‘The six most walkable cities in the US are 38 per cent wealthier, they have a higher GDP than the rest. So it’s a significant factor of competition between cities now that if you really want to progress and facilitate the knowledge economy, then you must make walkable, transit-oriented areas. If you don’t, you won’t be competitive; you will slowly decline the way Detroit has, because it’s just a consumption-oriented city now.’
Not using a car changes your perspective on a few things—like neighbourhood and pace. Musician and ardent urban cyclist David Byrne has spent the last thirty years in his bicycle seat, extolling its virtues: ‘It’s the liberating feeling—the physical and psychological sensation—that is more persuasive than any practical argument,’ he writes in his book Bicycle Diaries.
‘Seeing things from a point of view that is close enough to pedestrians, vendors and storefronts combined with getting around in a way that doesn’t feel completely divorced from the life that occurs on the streets is pure pleasure.’
And let’s face it: cars are expensive. Even before cars became something everybody had, William Ashdown warned in The Atlantic Monthly in 1925 that ‘the habit of thrift can never be acquired through so wasteful a medium as an automobile’.
‘Instead, the habit of spending must be acquired,’ he went on, ‘for with the constant demand for fuel, oil, and repairs, together with the heavy depreciation, the automobile stands unique as the most extravagant piece of machinery ever devised for the pleasure of man.’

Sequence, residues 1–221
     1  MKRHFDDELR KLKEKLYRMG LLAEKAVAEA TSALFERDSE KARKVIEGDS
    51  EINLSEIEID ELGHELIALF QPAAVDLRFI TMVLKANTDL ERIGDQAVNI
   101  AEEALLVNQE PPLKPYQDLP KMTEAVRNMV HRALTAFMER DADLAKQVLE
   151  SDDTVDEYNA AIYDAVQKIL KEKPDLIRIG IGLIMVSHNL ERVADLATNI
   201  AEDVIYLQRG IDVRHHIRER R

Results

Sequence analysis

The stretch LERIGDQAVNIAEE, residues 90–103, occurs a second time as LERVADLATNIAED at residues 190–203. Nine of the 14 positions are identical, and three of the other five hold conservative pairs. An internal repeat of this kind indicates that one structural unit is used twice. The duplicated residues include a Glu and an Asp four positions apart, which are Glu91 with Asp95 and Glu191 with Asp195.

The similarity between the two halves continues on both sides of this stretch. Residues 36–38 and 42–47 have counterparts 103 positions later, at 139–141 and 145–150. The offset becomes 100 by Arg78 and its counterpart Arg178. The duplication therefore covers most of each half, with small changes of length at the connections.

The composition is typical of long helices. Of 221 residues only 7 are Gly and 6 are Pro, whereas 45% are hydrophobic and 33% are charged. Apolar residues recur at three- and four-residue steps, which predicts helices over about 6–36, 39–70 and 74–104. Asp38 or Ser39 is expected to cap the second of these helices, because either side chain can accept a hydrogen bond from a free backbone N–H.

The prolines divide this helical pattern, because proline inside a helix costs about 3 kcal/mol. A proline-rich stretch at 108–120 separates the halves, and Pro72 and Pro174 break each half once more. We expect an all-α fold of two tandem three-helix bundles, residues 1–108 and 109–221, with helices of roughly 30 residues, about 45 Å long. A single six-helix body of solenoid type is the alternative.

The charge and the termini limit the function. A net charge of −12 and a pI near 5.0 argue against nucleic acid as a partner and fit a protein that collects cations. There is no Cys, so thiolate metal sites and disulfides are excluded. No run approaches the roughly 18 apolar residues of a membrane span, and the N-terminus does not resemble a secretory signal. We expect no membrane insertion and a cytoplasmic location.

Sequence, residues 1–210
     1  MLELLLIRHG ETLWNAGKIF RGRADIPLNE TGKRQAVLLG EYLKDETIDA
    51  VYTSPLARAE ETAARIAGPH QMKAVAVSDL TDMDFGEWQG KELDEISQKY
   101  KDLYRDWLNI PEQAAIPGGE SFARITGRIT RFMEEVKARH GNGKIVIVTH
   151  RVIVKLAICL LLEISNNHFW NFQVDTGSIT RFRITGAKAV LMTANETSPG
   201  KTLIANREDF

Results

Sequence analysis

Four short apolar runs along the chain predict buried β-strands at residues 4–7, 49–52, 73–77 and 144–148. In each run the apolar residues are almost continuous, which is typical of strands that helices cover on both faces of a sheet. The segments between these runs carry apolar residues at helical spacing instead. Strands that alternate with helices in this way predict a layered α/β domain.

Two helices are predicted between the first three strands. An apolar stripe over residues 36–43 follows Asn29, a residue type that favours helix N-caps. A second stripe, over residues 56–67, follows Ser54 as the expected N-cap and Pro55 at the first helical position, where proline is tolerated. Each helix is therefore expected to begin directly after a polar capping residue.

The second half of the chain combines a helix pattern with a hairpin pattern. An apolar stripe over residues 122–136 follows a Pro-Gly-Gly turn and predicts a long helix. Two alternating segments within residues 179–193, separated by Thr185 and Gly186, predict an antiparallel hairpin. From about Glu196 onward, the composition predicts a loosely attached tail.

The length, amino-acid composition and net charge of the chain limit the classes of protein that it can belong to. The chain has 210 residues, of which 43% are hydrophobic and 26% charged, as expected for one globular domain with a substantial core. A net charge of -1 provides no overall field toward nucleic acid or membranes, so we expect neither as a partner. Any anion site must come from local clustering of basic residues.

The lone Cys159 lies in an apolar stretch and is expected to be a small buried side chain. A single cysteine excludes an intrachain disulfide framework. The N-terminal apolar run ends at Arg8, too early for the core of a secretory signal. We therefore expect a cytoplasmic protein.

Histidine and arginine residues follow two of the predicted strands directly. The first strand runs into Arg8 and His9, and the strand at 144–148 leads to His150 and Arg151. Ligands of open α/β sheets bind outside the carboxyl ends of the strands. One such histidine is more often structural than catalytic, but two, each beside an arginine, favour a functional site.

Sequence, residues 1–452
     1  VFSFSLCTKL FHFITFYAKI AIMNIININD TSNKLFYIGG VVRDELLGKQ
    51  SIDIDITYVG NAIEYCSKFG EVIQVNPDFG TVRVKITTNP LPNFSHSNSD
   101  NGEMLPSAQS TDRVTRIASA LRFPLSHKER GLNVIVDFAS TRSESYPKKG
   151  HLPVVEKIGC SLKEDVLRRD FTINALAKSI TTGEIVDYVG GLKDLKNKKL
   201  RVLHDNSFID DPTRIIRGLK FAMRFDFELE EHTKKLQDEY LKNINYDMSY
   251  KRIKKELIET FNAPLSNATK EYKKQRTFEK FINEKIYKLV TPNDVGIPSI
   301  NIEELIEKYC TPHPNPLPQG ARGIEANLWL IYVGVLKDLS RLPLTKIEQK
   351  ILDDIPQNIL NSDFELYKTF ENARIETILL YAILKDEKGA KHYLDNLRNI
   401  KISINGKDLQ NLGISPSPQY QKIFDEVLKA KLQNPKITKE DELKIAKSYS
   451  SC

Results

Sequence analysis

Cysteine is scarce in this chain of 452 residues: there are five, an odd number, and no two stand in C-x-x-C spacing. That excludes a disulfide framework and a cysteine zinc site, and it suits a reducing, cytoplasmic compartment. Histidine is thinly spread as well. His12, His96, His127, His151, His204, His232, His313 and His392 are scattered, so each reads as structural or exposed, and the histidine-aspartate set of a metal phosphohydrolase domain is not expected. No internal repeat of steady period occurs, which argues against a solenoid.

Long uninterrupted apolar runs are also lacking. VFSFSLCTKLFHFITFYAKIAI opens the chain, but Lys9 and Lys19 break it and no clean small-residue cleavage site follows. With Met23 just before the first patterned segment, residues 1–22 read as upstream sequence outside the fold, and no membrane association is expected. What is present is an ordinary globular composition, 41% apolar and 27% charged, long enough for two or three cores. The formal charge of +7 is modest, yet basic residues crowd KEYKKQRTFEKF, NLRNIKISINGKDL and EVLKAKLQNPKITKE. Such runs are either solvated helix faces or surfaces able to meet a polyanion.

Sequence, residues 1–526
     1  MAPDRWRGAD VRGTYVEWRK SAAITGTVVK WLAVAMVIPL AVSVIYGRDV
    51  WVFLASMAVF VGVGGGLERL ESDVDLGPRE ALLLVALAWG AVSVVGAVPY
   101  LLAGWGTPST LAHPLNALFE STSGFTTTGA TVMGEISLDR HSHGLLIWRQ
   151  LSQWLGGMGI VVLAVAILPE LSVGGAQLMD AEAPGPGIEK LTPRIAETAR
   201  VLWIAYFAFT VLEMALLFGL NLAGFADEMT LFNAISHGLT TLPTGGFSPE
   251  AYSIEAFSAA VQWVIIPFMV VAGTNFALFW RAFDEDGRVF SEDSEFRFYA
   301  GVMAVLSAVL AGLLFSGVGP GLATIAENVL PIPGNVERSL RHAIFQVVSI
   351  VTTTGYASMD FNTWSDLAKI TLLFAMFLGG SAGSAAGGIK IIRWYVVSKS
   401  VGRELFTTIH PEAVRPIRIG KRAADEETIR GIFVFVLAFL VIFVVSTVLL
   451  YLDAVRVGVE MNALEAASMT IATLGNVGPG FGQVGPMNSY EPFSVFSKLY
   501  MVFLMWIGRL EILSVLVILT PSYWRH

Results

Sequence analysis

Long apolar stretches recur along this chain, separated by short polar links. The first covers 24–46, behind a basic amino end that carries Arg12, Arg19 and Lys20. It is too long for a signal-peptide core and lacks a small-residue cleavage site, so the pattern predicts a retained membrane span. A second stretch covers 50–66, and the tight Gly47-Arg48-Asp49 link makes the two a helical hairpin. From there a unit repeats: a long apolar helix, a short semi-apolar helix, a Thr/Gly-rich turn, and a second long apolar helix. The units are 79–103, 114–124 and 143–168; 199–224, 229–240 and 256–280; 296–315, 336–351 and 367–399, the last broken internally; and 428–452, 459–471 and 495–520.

For a long time, the convenience of owning a car outweighed the expense, but now, 90 years after Ashdown’s prescient critique, the tables have turned. Having a car is a hassle, and not owning one is far more convenient. Fewer and fewer young people are buying cars, or even getting their drivers’ licenses.
Helsinki has taken one of the boldest approaches to automobile dependence; the city is implementing a system that makes it redundant to own a car. They’ve hired 25-year old Sonja Heikkilä to head up the project, which is all about regarding mobility as a service. The idea is to create a network of transportation operators who can interface to help users with all aspects of their trip, from buses, trams and metros to shared taxis, cars and bikes. Users type in their destination via a mobile app, view their travel options and book and pay for everything in one go. Heikkilä expects to see a version of the system up and running in about a year, beginning the transition from ownership to usership.
It’s not just the young who are less interested in owning cars, and it’s not just happening in Europe. Hannah Evans, an urban planner I know in Toronto, told me it’s easy to live there without a car too. ‘In my group of friends, who range in age between late twenties and early sixties, I can think of maybe three of them who have cars,’ she says. ‘The rest of them are not car owners. They may have memberships to auto-share, they may rent cars, but most of their day-to-day-living is car-free and that’s because it’s easier, cheaper and more convenient.’
Indeed, the other day, I heard someone suggest that the car might become ‘the cigarette of the future’. And given the changes afoot, that doesn’t seem very far off.